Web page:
After his fanciful conjectures, Harrison concludes that because Pakistan is facilitating China’s access to the Gulf, it is not a US “ally”! This is so absurd that even an obsessively anti-Pakistan analyst should have thought twice before writing it. After all that Pakistan has sacrificed for the US in its misguided “war on terror”, if the US still does not consider Pakistan an “ally” then so be it. In any case, most Pakistanis have never considered the US an ally in the true sense of the word. To expect Pakistan to renege on its strategic and constant ally China for recognition of ally status by a fickle US is a ridiculous demand and even the excessively pro-US government that is in place presently in Pakistan cannot afford to take this suicidal step.

The one sane conclusion Harrison reaches is that the Kashmir issue needs to be settled but he refers to Kashmiri demands for “autonomy” on both sides of the LoC which shows how wide off the mark he is. All he needs to do is remove his India blinkers so that he can see that Kashmiris in Indian Occupied Kashmir are seeking freedom not autonomy and generation after generation of Kashmiris is dying for this Azadi. Nor, as he claims, is the US uniquely situated to play a “moderating role” in Kashmir. In fact, the US has lost all credibility after it declared that the brutal killings by Indian security forces in Occupied Kashmir were India’s internal matter. India giving autonomy to Kashmir will not resolve the problem as the latest uprising of Kashmiri youth shows only too glaringly. As for Pakistan supporting the freedom struggle, even the most passionate India supporter will admit that the latest uprising of the stone-pelting youth is entirely indigenous and not under any outside force’s control. Perhaps it is time Mr Harrison got real on this region rather than simply giving in to his own imagination on what Pakistan and India are all about. His view does not gel with ground realities and it is time his half-truths and hidden agenda were exposed on all fronts.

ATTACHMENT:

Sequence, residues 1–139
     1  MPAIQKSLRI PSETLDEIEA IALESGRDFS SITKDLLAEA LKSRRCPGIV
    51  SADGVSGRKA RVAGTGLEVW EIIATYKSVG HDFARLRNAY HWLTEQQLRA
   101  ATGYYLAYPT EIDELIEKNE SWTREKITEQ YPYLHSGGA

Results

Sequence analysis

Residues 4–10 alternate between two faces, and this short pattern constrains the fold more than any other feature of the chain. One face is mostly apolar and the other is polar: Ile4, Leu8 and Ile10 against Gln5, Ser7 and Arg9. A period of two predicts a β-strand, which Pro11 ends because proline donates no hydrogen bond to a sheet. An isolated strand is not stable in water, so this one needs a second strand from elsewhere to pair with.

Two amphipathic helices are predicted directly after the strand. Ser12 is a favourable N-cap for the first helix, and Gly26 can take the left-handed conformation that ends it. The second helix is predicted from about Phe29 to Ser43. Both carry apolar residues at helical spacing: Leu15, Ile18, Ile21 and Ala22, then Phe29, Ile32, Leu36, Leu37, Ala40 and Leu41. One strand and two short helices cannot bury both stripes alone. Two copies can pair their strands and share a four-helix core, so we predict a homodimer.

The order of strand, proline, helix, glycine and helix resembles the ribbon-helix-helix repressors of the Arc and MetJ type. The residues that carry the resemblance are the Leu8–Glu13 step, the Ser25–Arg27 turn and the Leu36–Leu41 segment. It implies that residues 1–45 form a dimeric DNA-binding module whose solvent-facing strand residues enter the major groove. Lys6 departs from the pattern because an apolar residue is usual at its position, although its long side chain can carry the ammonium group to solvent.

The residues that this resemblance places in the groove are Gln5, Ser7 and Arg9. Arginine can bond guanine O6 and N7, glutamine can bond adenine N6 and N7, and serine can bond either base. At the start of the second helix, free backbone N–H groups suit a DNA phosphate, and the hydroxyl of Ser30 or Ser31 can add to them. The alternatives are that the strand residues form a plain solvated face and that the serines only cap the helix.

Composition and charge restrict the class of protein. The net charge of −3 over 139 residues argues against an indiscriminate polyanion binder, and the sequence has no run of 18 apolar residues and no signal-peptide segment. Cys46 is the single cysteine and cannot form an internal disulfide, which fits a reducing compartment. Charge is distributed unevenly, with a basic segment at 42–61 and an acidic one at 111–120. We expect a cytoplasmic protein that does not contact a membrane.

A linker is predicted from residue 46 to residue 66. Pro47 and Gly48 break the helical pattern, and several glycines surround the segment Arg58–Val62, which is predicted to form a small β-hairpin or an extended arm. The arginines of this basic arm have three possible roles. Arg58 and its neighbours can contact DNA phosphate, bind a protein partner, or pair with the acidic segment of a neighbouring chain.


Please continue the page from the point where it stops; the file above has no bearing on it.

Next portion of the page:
To complete the pattern of India’s adept propaganda, no sooner had Harrison article appeared then India went to town, expressing concern over what was happening in Gilgit Baltistan and Chinese inroads there! See the cycle: Visa refused to Indian general by China, Harrison article appears, India finds pretext to take up diplomatically, what is a non-issue? Meanwhile what are we doing as such webs of deceit are spun around us?

http://www.youtube.com/user/ericssonmultimedia?v=P8gHT3Xgz9A&feature=pyv&ad=5065562076&kw=india&gclid=CJuk4dqt66MCFcRA6wodr2492Q